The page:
Brian Florence recalls that the entertainers had certain requirements for their acts: special lighting and some other amenities had to be flown out from Australia via the Engineers in Vung Tau, in order to put the finishing touches to the Luscombe Bowl concert stage. As a result, it took almost eight weeks to build the stage, with 1 Field Squadron's diaries recording it completed on 18 September 1967. The water tank and toilet facility were added at a later date.

The concert stage very quickly came to be named after the Luscombe Bowl amphitheatre in which it resided, although the troops promptly nick-named it "The Dust Bowl" due to the thick red clay dust which blanketed the area during summer.

The first concert was held on the stage the very next month - October 1967.


Entertainment at Luscombe Bowl

Hundreds of Australian entertainers volunteered to go to South Vietnam and they brought a few hours of normality, and a taste of home, to our troops. Although the entertainers received security, transport and basic accommodation, their time in Vietnam could be very difficult. Conditions were often dirty and uncomfortable, the humidity rotted their clothes and equipment and the pace was arduous, with several performances each day interspersed with long trips by road or air. In addition, travel orders had to be correct and were rigidly enforced by the Vietnamese Military Police, who were in charge of all civil matters. The concerts, however, were greatly appreciated by the troops, giving them badly needed respite from the stresses of war. They could be sure to see a variety of acts, including bands, dancing girls, comedians, jugglers and singers.

Prior to the building of the Luscombe Bowl stage, most concerts at Nui Dat were held on the back of flatbed trucks or on a canvas-covered, impromptu stages. This was where the Col Joye/Little Patti concerts  were being held on the 18th August 1966 when the Battle of Long Tan took place. Adrian Roberts, OC of 3 Tp, 1APC Squadron at the time, recalls:

"... heavy artillery fire beginning just to the right, and almost over the top of, the troops in the concert audience". He then slipped away to find out what was going on. He remembers having to pull his men away from the concert when he was ordered to pick up A Coy, 6RAR in his APCs and go to the aid of D Coy, 6RAR on the battlefield.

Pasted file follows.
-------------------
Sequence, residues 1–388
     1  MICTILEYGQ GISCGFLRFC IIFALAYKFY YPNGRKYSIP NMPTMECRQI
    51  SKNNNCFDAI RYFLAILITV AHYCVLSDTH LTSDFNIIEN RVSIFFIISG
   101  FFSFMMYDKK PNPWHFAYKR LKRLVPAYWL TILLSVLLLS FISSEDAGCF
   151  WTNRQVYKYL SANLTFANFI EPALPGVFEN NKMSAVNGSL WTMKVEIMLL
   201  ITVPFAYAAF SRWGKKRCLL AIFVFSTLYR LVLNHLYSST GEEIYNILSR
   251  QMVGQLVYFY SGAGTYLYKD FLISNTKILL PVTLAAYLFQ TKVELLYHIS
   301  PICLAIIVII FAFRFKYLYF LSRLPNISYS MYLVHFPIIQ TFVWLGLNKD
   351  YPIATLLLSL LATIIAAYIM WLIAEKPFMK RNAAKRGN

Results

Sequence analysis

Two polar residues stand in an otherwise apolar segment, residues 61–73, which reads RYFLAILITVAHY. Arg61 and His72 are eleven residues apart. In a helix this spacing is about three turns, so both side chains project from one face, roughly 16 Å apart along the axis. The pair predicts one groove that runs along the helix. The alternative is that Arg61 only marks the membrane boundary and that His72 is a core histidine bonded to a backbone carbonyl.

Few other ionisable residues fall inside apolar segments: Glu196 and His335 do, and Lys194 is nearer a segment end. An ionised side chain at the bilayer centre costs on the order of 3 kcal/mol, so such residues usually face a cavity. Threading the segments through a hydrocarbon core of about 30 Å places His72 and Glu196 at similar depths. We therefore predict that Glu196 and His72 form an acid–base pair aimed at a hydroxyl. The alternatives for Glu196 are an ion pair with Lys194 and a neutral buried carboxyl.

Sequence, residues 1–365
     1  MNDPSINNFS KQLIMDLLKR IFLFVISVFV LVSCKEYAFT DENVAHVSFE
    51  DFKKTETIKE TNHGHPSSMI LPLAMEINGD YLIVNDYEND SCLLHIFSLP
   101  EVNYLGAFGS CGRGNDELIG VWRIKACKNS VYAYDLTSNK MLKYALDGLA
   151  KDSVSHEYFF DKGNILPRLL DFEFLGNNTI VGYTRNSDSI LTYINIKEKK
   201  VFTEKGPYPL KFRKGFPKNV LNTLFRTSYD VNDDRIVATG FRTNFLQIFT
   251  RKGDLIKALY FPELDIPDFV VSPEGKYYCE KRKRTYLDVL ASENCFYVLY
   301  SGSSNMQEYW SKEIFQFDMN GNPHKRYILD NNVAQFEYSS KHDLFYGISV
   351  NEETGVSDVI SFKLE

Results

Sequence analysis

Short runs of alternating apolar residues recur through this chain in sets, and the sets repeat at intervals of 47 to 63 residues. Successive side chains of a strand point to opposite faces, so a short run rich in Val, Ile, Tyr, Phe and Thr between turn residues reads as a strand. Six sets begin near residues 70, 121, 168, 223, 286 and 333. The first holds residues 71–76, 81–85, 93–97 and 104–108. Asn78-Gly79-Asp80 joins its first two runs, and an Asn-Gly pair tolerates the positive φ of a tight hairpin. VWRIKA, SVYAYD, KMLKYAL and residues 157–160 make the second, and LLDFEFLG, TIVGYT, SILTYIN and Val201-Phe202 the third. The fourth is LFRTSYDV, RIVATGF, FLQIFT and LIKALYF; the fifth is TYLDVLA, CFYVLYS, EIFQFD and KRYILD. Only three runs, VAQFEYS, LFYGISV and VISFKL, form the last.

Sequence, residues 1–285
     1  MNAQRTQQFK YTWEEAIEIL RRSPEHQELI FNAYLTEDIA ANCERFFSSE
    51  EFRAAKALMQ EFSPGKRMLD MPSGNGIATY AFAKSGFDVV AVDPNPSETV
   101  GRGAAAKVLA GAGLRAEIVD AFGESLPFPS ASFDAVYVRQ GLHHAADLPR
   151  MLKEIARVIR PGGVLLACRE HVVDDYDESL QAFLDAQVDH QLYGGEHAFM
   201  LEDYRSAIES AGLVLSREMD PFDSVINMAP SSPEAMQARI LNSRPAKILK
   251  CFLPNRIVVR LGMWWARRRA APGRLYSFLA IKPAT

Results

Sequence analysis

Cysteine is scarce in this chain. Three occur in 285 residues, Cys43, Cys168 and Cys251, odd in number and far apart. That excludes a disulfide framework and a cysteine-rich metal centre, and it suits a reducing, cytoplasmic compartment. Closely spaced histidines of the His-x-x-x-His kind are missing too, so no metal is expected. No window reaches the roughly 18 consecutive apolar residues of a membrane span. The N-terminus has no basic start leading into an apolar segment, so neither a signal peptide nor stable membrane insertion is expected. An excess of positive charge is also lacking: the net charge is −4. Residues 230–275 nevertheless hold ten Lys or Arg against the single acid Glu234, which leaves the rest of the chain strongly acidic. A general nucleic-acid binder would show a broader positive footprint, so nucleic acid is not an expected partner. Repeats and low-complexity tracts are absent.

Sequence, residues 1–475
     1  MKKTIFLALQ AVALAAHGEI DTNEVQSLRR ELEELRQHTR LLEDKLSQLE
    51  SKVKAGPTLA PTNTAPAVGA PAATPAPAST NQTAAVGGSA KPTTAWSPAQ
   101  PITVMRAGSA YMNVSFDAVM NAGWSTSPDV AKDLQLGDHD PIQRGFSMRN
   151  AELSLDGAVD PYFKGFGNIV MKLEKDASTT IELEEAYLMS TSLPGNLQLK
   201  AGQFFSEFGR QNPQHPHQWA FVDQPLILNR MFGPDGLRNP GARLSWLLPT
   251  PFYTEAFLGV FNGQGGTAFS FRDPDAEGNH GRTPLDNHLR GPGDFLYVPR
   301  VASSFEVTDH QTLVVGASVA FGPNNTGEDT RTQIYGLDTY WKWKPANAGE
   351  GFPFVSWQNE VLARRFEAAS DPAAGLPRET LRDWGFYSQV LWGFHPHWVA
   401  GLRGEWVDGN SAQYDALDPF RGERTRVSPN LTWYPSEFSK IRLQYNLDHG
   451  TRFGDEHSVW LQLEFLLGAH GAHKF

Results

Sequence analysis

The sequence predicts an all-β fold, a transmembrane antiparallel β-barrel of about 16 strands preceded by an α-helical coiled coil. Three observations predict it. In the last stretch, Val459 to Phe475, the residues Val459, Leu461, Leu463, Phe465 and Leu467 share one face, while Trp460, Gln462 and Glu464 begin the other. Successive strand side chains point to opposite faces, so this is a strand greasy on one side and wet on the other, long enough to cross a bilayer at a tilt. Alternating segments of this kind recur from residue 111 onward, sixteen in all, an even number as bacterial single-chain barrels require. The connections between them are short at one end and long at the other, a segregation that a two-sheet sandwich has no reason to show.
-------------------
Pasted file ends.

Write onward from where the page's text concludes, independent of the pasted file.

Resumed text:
Some of the other famous performers of the time include Johnny O'Keefe, the ABC Show Band and Dinah Lee. A couple of the more popular songs with the troops were 'These Boots Were Made for Walking' and 'We Gotta Get Outta This Place', and Lorrae Desmond was well-known for her soulful rendition of 'Leaving On A Jet Plane'. The entertainers also made time to give small, intimate performances to the sick and injured in the hospitals.

"One of the interesting things I remember about The Bowl was that everyone took a chair... and their rifle!" Gordon Taylor, 104 Sig Sqn, 1968

"... we sat on the ground in the heat/rain/monsoonal weather just to attach oneself to a bit of Aussie!" person unknown


Luscombe Bowl also served other purposes, as well. It was used for the awarding of military medals and citations at the end of tours, and many veterans have memories of Christmas Mass held at the Luscombe Bowl by the Task Force Chaplains. Vin "Jerry" Neale remembers Christmas '69 when hundreds of men attended, weapon in one hand, folding chair in the other and a couple of cold ones, as well.

"What a sight! There were drunken diggers all over the stage and all around the altar (... taking communion). Some were serious in their befuddled intent, and others just following the crowd. But it was all goodhearted... the Spirit of Christmas in all its forms was in ample supply."

Luscombe Bowl, the concerts, the entertainers... hold wonderful memories for Vietnam Veterans. By their very presence, the entertainers lifted the morale of the Australian troops and reminded them that they were supported by their families and friends back home.